A roundtable examining historical board games that often have immoral implications (e.g., a board game where you play colonists)
- Burying the Dead Monuments (Elizabeth Scarbrough)
What to do about racist monuments; why simply removing them may not be the best answer
- Sor Juana’s Rough Heroines: Cognitive Immoralism in Primero Sueño (Adriana Clavel-Vázquez and Sergio A. Gallegos)
Cognitive immoralism examined through a feminist lens
- Five Philosophers Discuss “Joker” (various authors)
A roundtable discussion about the controversial 2019 movie Joker
- Can Nicki Minaj’s “Chun-Li” Be Cultural Appropriation? (Erich Hatala Matthes)
An examination of the complexities involved in Nicki Minaj’s “Chun-Li” music video
- An interview with Sterling HolyWhiteMountain (conducted by Matt Strohl)
A Blackfeet author discusses blood quantum, “native art”, and cultural appropriation
- Holding Our Breath: Making Socially Distanced Music Together (John Dyck)
The phenomenology and sociology of Sacred Heart collective singing practices during COVID
- Interview with BL Shirelle and Bates
Two queer Black female underground hip-hop artists discuss gender and language in hip-hop music
- How to Partake in the Fuckery: A Roundtable Discussion on Hip-Hop, Gender, and Language (various authors)
A roundtable discussion based on the interviews with BL Shirelle and Bates
- You Think Make-Believe is for Kids? Let Sherlock Holmes Teach You a Thing or Two (Nils-Hennes Stear)
A video introducing Kendall Walton’s theory of fiction
- What Makes Kafka Philosophical? (Espen Hammer)
- The Ethics of Artisanship: Or, No, You May Not Put Milk in Your Coffee (Matt Strohl)
Artistic integrity examined through the lens of third wave coffee
- Interview with Juan Escalona Melendez (conducted by Aaron Meskin)
A Mexican-born chef currently working in Mexico City discusses history and science in contemporary Mexican cuisine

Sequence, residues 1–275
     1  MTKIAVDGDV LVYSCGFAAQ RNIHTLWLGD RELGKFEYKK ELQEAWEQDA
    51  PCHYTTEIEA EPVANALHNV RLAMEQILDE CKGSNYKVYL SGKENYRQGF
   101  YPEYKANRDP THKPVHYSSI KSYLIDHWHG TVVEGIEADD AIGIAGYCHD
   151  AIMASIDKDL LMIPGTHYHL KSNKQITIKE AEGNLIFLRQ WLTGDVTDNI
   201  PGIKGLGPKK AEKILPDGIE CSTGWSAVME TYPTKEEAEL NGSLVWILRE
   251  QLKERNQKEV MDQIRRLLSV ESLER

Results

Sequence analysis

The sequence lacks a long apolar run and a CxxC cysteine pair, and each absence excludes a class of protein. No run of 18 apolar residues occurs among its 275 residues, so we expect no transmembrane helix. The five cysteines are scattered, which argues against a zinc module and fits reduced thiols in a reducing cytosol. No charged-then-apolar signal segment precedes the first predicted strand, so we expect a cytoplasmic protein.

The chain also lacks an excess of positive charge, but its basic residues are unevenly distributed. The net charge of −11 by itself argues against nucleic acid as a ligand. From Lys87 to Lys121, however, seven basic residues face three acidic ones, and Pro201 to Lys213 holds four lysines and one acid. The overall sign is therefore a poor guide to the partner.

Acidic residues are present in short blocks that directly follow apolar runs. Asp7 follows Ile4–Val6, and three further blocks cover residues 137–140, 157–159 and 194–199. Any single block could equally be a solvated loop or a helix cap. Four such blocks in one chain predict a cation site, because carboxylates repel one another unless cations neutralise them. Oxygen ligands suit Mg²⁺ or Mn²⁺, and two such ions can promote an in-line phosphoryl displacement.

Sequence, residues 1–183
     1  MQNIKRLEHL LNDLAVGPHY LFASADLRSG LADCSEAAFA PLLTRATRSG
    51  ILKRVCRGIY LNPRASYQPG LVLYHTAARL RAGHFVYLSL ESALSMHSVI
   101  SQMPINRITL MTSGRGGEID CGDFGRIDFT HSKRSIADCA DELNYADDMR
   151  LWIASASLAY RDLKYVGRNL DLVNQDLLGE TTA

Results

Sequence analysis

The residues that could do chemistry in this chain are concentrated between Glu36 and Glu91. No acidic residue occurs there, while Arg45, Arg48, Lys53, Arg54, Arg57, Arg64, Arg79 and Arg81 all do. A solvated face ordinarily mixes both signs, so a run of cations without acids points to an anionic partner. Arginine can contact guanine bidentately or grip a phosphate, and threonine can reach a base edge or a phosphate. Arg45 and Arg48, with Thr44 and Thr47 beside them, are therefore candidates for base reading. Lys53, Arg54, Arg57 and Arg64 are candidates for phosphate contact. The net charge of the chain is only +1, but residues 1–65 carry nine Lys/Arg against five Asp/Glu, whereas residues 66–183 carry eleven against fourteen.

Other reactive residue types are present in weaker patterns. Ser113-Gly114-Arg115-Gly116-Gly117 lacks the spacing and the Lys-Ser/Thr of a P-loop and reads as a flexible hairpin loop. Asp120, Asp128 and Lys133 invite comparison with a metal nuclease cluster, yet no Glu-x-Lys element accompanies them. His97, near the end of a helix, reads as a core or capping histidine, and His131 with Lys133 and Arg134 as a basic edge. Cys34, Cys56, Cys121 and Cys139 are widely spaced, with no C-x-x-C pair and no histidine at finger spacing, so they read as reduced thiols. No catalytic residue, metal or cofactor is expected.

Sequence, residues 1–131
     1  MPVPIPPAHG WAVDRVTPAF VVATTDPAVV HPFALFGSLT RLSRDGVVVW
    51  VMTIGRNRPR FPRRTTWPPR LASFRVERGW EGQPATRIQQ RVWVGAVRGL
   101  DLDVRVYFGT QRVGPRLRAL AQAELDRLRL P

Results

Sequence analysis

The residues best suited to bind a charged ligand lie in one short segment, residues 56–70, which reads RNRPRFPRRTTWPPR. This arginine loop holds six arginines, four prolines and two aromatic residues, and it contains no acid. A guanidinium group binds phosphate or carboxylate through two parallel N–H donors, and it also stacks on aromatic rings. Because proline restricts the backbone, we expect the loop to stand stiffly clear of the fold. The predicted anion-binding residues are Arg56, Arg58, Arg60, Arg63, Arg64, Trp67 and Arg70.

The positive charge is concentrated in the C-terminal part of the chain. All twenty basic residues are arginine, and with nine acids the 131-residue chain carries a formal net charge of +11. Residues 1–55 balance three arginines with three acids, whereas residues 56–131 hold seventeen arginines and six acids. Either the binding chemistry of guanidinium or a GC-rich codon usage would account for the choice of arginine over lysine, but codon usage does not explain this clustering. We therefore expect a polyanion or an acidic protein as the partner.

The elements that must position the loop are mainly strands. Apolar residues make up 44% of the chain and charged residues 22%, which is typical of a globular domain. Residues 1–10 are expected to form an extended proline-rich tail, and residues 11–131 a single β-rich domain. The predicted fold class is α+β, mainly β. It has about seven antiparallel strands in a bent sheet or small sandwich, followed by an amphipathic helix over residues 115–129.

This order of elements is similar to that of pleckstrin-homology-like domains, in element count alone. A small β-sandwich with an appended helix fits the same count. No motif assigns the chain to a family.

- The Metaphysics and Linguistics of Emoji (Alex King)
- The Curious Case of Pepe the Frog (Anthony Cross)
An examination of memes and meme culture
Other Media: Video and Podcast Series
- Polite Conversations: Philosophers Discuss the Arts (Brandon Polite), YouTube interviews
Philosopher interviews other philosophers about their work on accessible and fun topics; contains keywords and suggested readings to pair, ADA-compliant
- Art Against the World (Vid Simoniti), podcast series
Philosopher interviews artists and curators about the social relevance of contemporary art; contains overview of episode topics, guests, and brief summary of the philosophical issues.
The following suggestions are taken from people who use our articles in their courses.
- Use it as a reading.
- Have students pick a roundtable contribution (usually these are relatively short, under 1000 words) and elaborate on the author’s perspective.
- Pick an interview and have students extract and elaborate on the philosophical implications of something the artist says.
- Using this piece on punk rock or this one on heavy metal, have students describe central values or ideals of some genre they care about.
- Using this piece on satire, have students find cases of satire and explain how they confirm or conflict with the author’s view.